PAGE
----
published Saturday, December 24th, 2011

Chattanooga Mayor Ron Littlefield wants new pitch to urban growth panel

by Cliff Hightower


Mayor Ron Littlefield asked in October for the county urban growth committee to meet. The committee met two weeks ago and voted 12-5 not to hear a proposal to open talks on expanding urban growth boundaries within the county.

Chattanooga Mayor Ron Littlefield said this week he plans to ask Hamilton County officials to reconvene the urban growth boundary committee, even though they shot down the idea two weeks ago.

"Just having one meeting and one vote is not the end of the story," Littlefield said. "That's the beginning of the story."

County Mayor Jim Coppinger responded by saying the law does give the mayor the right to call the committee together again. But he said the law also requires the city to make a proposal and for the committee to vote on that proposal. He noted at the last meeting the city did not have a specific proposal.

"It's an acting committee," he said. "It's not so much a planning committee."

The urban growth boundary committee met two weeks ago and voted 12-5 not to hear any kind of proposal about expanding the boundaries for cities within Hamilton County. The boundaries dictate how far and where cities can annex property.

The boundaries were set in 2001 by the cities and counties after the state Legislature mandated the move to try to circumvent quarreling over city expansion.

Littlefield said he now has a strategy for the next meeting.

"Now we know who is on the urban growth committee," he said. "We'll begin conversing with them."

But several members of the committee who voted against Chattanooga's proposal said Friday a conversation would not turn their vote.

Signal Mountain Mayor Bill Lusk said he is surprised the mayor would not have known who was on the committee since the majority of the committee was made up of all the mayors in the county.

"I suspect he knew the potential committee members long before that," he said.

And Lusk said he doesn't think his vote will change.

"I do not believe the town of Signal Mountain should have a voice in Chattanooga's expansion," he said, and Signal Mountain doesn't need to move its boundaries at this time.

Lakesite Mayor Ken Wilkerson said the City Commission voted unanimously against the expansion of Chattanooga's borders.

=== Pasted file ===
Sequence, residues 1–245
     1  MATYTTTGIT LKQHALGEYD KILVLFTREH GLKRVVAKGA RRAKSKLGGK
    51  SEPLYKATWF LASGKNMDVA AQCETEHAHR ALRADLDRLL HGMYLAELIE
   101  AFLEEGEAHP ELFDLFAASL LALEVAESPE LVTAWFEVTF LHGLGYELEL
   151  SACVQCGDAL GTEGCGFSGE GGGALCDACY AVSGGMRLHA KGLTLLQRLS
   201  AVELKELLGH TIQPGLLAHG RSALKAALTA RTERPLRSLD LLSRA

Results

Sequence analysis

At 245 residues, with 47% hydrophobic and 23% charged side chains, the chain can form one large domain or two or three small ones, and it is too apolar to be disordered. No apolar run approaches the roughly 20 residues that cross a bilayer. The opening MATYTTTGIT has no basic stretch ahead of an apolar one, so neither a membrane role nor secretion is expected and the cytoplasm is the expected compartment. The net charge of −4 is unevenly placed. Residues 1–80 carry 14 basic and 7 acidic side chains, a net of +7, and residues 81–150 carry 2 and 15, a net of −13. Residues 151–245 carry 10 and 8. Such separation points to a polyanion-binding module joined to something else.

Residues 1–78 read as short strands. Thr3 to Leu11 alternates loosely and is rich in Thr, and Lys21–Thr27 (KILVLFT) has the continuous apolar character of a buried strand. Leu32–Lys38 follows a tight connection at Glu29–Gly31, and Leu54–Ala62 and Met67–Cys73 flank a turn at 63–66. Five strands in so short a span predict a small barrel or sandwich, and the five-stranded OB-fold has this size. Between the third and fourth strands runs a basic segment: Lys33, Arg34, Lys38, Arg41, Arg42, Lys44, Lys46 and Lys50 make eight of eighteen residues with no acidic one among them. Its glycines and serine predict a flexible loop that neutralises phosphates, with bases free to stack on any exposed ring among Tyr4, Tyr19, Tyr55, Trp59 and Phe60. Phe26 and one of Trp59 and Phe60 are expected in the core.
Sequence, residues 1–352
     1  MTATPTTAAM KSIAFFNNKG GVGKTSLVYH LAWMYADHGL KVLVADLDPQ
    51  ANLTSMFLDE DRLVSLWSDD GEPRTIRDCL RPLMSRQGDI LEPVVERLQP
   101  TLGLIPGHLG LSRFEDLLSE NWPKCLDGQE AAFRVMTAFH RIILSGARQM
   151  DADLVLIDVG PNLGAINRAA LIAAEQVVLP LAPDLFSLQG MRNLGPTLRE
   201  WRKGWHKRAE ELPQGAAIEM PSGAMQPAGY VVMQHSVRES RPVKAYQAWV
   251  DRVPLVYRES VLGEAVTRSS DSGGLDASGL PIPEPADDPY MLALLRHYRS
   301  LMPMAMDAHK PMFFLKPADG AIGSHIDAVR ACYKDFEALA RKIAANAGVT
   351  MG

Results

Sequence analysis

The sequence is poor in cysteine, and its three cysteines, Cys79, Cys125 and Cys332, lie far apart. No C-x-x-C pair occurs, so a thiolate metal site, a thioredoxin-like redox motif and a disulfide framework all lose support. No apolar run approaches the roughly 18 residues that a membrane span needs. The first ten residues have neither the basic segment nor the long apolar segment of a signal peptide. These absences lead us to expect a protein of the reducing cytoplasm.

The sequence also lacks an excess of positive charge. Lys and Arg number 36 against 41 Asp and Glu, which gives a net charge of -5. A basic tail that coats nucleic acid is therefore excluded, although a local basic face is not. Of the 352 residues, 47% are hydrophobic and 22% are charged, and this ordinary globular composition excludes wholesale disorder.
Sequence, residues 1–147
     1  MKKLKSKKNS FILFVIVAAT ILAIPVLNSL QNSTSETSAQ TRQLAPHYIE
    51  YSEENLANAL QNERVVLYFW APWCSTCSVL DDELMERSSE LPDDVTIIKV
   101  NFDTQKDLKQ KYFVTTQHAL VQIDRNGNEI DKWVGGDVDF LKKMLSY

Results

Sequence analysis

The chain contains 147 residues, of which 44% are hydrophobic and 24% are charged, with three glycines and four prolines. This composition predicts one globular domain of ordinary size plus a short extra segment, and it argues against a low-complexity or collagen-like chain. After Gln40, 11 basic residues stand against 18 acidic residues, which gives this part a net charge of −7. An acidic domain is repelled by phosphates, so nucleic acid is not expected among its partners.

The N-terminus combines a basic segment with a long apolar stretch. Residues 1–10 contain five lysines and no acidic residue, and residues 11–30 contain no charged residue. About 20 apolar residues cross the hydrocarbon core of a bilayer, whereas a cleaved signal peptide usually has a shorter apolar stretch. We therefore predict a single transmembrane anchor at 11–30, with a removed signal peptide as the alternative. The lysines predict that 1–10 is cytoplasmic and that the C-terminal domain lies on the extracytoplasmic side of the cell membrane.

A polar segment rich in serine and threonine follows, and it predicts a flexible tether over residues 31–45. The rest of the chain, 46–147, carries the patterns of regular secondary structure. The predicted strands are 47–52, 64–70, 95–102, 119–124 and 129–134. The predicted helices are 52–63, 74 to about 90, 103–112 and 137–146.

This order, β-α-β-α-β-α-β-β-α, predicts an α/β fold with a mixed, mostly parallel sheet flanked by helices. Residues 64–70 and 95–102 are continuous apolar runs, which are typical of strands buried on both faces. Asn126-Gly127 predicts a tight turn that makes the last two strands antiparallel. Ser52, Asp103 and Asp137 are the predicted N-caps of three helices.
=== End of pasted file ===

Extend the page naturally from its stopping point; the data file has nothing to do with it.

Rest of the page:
"We are totally against any proposal or plan by the city of Chattanooga on the west side of the Tennessee River," he said. "Especially if it encroaches our locks in Lakesite."

Red Bank Mayor Monty Millard said he believes residents of affected annexation areas should have a right to vote on any annexation of their areas. And he said he is staunch in his decision against Chattanooga's plan to change the boundaries.

"I don't think it's going to do any good for me to change my vote," he said. "Even with a call from Mayor Littlefield."

Comments do not represent the opinions of the Chattanooga Times Free Press, nor does it review every comment. Profanities, slurs and libelous remarks are prohibited. For more information you can view our Terms & Conditions and/or Ethics policy.
Salsa said...

Mayor Littlefield, If you wanted to know who was on the committee I'm sure all you had to do was ask.

December 24, 2011 at 12:19 a.m.
sage1 said...

I agree Salsa, his methodology often makes one wonder.

December 24, 2011 at 9:02 a.m.
Facts said...

Mayor Lusk hits the nail on the head. Ron Littlefield in his march to expand Chattanooga toward Metro-government is planning the death of all the smaller municipalities in the county (Lakesite, Lookout Mountain, Signal Mtn, Red Bank, etc.). I think there's a lot of opportunity to consolodate services, but that should be driven by the county working WITH these municipalities. Time for you, Mr. Littlefield to accept the recall as your exit.

December 24, 2011 at 9:44 a.m.
talkthetalk911 said...

For all those in favor of consolidated government think a little. You are sold on the idea that things will be so much better and efficient. Right now in the metro area people have choices on better neighborhoods, better schools, property rates, better utility services and so forth. Consolidation eliminates those choices. Dont buy in to the whole "cost" to run issue. Taxes and fundind for those services have been an issue and will always be an issue. Those will not go away no matter how small or how large a government intity is. Case in point our U.S. government no matter what you think the issues are the fact remains the issues are there.

December 24, 2011 at 10:19 a.m.
Salsa said...

Consolidated government likely wouldn't be cheaper anyway. If two large entities such as the Police Department and the Sheriff's Office were joined, those with the lower salaries would have their salaries raised to match up with the other employees, so it would end up costing more money, not less.

December 24, 2011 at 10:51 a.m.
chattyjill said...

Hypothetically, even if citizens had a vote about annexation, if the citizens voted contrary to what the heads of government wanted, the mayor and city council would change the law to pull the citizen's vote - just like how the city council is now discussing changing the city charter in the wake of a successful citizen-led recall. There is nothing wrong with the city charter except that the recall provision WORKED! So now the powers-at-be want to make citizen-led action more difficult by raising the number of signatures.

December 24, 2011 at 12:21 p.m.
please login to post a comment

Other National Articles

videos »         

photos »         

e-edition »

400 East 11th St., Chattanooga, TN 37403
General Information (423) 756-6900
Copyright, Permissions, Terms & Conditions, Privacy Policy, Ethics policy - Copyright ©2014, Chattanooga Publishing Company, Inc. All rights reserved.
This document may not be reprinted without the express written permission of Chattanooga Publishing Company, Inc.